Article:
From: Reuters
Published March 17, 2008 06:43 PM

Helmets protect skiers, snowboarders from head injury

By Joene Hendry

NEW YORK (Reuters Health) - Skiers and snowboarders should always wear helmets to protect themselves from head injuries on the slopes, researchers say.

Findings from studies conducted in Canada and Norway, as well as the most recently conducted study in the U.S., "have all found evidence that ski helmets reduce the risk of head injury," Professor Peter Cummings told Reuters Health.

The U.S. study by Cummings, of the University of Washington in Seattle, and colleagues, estimated a reduction of 15 percent, while the Canadian and Norwegian studies estimated head injury reductions of 29 and 60 percent, respectfully, the investigators report in the medical journal Epidemiology.


"The studies do not agree regarding the size of the protection afforded we don't know which estimate is closest to the truth," Cummings said. Nevertheless, current evidence suggests that helmet wearing among skiers and snowboarders is useful for the prevention of head injury.

In the U.S. study, investigators compared injured helmeted and non-helmeted skiers and snowboarders treated by ski patrols at 3 western U.S. ski resorts during the 2000 to 2005 seasons. A total of 4,224 had head, face, or neck injuries, while 17,674 received treatment for injuries below the neck.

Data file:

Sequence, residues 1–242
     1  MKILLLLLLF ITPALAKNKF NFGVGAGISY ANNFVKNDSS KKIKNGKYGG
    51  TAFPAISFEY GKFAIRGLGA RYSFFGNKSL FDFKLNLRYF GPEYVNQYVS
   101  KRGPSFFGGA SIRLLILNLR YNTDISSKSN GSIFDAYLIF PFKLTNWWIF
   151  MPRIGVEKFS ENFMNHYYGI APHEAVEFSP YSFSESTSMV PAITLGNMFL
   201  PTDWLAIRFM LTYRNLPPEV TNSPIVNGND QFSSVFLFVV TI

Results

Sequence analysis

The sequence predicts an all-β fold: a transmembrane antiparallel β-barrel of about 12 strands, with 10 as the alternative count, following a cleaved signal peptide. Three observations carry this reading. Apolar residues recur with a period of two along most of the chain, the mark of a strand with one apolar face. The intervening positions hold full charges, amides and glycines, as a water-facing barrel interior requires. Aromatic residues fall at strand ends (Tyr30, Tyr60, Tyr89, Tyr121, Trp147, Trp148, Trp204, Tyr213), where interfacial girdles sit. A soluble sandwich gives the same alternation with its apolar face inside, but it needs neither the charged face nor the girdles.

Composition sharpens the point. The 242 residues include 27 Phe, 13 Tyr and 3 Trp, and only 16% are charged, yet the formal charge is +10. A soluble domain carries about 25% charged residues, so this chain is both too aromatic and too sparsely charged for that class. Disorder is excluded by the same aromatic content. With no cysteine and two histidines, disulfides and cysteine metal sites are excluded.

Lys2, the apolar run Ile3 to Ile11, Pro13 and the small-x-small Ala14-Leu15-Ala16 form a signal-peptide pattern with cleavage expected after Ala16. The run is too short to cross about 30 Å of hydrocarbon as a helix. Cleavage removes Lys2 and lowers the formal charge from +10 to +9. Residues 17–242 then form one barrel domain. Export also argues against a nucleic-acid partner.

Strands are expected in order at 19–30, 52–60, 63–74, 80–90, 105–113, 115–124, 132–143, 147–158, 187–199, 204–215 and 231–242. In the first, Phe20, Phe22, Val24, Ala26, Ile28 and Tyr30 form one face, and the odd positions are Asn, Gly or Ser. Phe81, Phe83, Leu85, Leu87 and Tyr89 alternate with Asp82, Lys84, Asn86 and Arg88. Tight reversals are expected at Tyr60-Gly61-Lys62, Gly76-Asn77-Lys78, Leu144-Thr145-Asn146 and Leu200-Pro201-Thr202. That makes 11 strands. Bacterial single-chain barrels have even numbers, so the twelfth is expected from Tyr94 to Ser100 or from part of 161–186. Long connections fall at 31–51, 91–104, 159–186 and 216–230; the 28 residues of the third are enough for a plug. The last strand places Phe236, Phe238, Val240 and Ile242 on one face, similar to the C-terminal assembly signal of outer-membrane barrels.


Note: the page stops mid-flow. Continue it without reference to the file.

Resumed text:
Overall, 21, 25, and 24 percent of those who sustained head, face, and neck injuries, respectfully, wore helmets, as did 22 percent of those sustaining injuries to other body areas.

Cummings noted that "wearing a helmet reduced the risk of head injury by about 15 percent among all skiers and snowboarders," in analyses that adjusted for factors such as a high fall, ski ownership, any collision, gender, age, season, skiing ability, and ski type.

"We did not conclude that helmets were more effective for beginners or males or any other subgroup," Cummings said, as further examinations according to skiing ability, gender, age, or ski resort showed only small or statistically insignificant variations in protection.

However, evidence from this study supports prior research showing that wearing helmets while skiing or snowboarding does not appear to increase the risk of neck injury.

SOURCE: Epidemiology, March 2008

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